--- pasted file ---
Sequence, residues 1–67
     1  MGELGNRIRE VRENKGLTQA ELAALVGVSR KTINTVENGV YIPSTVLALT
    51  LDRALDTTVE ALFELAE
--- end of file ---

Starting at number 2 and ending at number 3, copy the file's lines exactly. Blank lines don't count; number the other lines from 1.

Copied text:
     1  MGELGNRIRE VRENKGLTQA ELAALVGVSR KTINTVENGV YIPSTVLALT
    51  LDRALDTTVE ALFELAE